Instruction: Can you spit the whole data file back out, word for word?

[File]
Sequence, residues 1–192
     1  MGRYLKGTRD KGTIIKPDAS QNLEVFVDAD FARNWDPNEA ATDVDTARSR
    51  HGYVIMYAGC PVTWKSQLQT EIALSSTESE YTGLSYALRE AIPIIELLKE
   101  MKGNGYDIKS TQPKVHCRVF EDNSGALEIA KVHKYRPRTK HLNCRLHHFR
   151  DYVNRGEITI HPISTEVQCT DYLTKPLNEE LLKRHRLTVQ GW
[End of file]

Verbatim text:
Sequence, residues 1–192
     1  MGRYLKGTRD KGTIIKPDAS QNLEVFVDAD FARNWDPNEA ATDVDTARSR
    51  HGYVIMYAGC PVTWKSQLQT EIALSSTESE YTGLSYALRE AIPIIELLKE
   101  MKGNGYDIKS TQPKVHCRVF EDNSGALEIA KVHKYRPRTK HLNCRLHHFR
   151  DYVNRGEITI HPISTEVQCT DYLTKPLNEE LLKRHRLTVQ GW